1. Assess your insecurities. What are they and how do they affect your life?

2. Embrace the appealing aspects yourself and you might realize that your insecurities keep your ego in check.

3. Insecurities are not all bad, however, they can trigger not so great behavior. In this case, managing the behavior is more important than eliminating the insecurity.

4. Stop comparing yourself to others. The world is diverse and your individual differences have contributed to your success.

5. Admit (to yourself at least) that you actually have insecurities. Saying aloud, “I want to change (fill in the blank) ____ about myself,” can be powerful.

6. You’re not alone. Everyone’s insecure about something; some have just found the perfect mask.

Learn how to become more self-aware

While there are many levels of insecurity, I think a great place to start is to learn how to become more self-aware. When we build self-awareness, we can look closer at the habits and routines that sabotage us. Negative self-talk for example.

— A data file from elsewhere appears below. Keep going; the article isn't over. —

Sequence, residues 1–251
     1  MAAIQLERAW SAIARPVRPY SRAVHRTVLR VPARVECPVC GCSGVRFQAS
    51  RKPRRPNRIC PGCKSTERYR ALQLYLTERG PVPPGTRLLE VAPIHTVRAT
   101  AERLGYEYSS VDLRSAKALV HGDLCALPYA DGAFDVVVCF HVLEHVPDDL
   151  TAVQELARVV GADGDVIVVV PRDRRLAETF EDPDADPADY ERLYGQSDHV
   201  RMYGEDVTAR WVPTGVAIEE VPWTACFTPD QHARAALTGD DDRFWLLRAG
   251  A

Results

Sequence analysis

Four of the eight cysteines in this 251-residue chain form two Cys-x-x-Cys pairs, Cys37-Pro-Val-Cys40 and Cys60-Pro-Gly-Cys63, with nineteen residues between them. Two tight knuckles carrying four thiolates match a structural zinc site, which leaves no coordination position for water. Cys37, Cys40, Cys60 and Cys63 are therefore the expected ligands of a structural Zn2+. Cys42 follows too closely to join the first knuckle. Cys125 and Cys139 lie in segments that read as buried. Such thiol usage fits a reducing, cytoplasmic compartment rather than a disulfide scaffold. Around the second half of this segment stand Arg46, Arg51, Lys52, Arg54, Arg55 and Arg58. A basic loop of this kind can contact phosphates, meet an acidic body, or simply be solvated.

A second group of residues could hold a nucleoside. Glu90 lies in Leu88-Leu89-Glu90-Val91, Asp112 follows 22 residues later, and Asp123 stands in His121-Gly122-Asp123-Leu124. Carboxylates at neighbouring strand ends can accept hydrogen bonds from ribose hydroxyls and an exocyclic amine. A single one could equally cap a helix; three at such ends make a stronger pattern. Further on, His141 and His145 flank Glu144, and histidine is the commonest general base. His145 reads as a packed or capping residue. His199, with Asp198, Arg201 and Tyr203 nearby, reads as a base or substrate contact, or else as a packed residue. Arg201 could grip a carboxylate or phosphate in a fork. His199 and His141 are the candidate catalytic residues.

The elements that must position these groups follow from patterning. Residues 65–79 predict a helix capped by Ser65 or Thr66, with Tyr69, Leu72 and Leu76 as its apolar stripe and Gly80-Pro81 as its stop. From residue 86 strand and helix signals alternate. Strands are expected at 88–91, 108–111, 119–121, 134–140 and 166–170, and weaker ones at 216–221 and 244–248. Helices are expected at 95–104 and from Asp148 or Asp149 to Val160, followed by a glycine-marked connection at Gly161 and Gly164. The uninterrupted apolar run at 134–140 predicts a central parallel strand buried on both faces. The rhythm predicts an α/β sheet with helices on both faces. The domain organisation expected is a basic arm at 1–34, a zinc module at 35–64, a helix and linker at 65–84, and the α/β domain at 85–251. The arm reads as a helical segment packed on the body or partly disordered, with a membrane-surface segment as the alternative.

Every time we say something negative, we are planting a negative seed. What happens is simple: we will begin to live out what we tell ourselves: “I can’t do this, I’m an idiot, I am a fool for thinking that,” etc.

The more we plant these negative seeds, the harder it will become. No wonder we are feeling insecure.

We aren’t showing ourselves the trust, love, and self-acceptance that we deserve.

Just imagine how we would feel and what we could accomplish if we surrounded ourselves with positive and life-affirming statements and visions. It really does make a difference.

To tap into the best versions of ourselves and not feel insecure, we have to become more self-aware and clear out our negative patterns and beliefs.

I think another great way to stop being insecure is to start stepping out of our comfort zones.

When we step out of our comfort zone and challenge ourselves, we are provided with so many new gifts. First and foremost, I think that we become more productive.